“But our schools and universities are doing a great job,” educators around the world claim. And it is true that on some metrics, schools around the world show student improvement on standardized assessments, but at what cost? Obviously, it depends on what you are measuring. At the same time, there is a massive increase in global mental health problems and opioid abuse across all ages in the United States. Even our social media platforms that claim to “do good” or “connect people” are correlated with users’ increased depression, flawed critical thinking and decreased well-being.
Something seems terribly wrong. It is as though at some point we took a wrong turn that made it appropriate to define our value as human beings via a grade, a score or the number of followers we have. We have also come to believe that learning is just hard and is a game, rather than a lifelong endeavor of self-improvement and, although by necessity is “desirably difficult” at times, is also joyous. We have become distracted from seeking a capacity for a sense of meaning and purpose in our lives and have become obsessed with credentialing and capitalistic gains rather than humanistic success.
Innovation to Stand the Test of Time
So, how do we resolve this? I think the answer is simple. We recalibrate our entire system of education globally through positive education. This is already happening in many places all over the world. However, these are small sparks, prompted by individuals and institutions interested in how to translate valid cognitive science and social science research into everyday practices in schools and universities.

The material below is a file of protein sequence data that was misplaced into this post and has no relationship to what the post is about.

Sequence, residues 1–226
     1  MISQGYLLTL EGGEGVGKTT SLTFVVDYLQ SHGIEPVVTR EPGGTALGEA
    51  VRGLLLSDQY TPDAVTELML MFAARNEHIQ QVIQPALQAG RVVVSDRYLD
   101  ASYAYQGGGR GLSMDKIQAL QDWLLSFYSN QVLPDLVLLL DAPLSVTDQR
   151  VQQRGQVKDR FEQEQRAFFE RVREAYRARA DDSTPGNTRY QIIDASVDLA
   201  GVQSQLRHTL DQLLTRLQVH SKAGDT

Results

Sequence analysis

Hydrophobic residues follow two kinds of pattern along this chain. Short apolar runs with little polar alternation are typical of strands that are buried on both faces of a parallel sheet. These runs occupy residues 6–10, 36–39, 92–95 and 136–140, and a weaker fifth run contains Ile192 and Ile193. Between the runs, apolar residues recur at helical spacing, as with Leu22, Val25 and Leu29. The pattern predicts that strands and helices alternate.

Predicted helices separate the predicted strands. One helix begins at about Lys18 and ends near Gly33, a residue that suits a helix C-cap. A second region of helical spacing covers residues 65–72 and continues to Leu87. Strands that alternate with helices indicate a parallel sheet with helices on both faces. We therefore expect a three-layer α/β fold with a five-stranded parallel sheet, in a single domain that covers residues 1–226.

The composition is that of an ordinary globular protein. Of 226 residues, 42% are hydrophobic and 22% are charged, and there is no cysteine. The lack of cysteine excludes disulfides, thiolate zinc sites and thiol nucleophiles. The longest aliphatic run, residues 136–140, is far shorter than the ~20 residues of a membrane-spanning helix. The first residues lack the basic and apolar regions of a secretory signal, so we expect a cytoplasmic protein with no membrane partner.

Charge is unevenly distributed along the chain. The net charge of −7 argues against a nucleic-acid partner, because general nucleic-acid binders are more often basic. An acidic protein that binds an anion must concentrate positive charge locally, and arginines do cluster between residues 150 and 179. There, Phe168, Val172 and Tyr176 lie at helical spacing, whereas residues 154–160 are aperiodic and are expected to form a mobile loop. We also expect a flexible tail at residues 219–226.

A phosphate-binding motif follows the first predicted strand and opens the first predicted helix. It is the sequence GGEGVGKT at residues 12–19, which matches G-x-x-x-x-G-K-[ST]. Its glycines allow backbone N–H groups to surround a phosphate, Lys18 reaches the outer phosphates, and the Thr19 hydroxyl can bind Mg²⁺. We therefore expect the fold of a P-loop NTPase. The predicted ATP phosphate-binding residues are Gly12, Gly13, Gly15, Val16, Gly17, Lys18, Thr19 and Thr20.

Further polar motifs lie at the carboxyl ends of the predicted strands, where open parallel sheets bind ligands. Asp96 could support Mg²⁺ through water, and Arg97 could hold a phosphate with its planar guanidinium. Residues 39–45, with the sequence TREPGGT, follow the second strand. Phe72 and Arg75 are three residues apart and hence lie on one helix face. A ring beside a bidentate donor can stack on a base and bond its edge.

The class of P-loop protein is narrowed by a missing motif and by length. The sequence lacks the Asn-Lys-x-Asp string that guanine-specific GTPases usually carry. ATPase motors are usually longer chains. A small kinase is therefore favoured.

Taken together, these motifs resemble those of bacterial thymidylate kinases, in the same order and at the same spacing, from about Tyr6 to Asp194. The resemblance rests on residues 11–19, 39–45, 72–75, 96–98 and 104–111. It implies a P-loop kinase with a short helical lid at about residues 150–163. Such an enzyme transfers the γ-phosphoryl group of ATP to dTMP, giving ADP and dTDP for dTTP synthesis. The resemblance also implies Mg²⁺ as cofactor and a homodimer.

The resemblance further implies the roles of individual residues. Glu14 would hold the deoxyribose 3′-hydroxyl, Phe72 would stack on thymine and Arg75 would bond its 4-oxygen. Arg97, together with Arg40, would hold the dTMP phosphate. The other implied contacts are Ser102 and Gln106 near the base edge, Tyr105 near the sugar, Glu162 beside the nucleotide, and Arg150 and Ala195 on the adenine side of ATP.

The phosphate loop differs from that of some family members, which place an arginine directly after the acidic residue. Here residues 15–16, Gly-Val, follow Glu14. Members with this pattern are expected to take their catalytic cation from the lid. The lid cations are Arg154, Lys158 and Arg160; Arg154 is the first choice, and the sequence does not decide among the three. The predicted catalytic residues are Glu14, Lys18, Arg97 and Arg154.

For positive education to work it needs to become the norm; it needs to be just good education. Too much of what happens in our learning centers is through an ever-accelerating cycle of trends that crash upon schools like waves crashing against the shore. These “waves” have an effect, and then the effect disappears to be followed by yet another new set of waves of innovation. Positive education needs to be the norm. It needs to be a matter of a shift of assumptions and beliefs that permeate all school and university environments. We have to believe that to learn well, we need to tend more effectively to the social and emotional well-being of our young people. If we could put that at the center of what we do in all of our educational institutions, we would have better learning, better citizens, better corporations, better countries and a better world.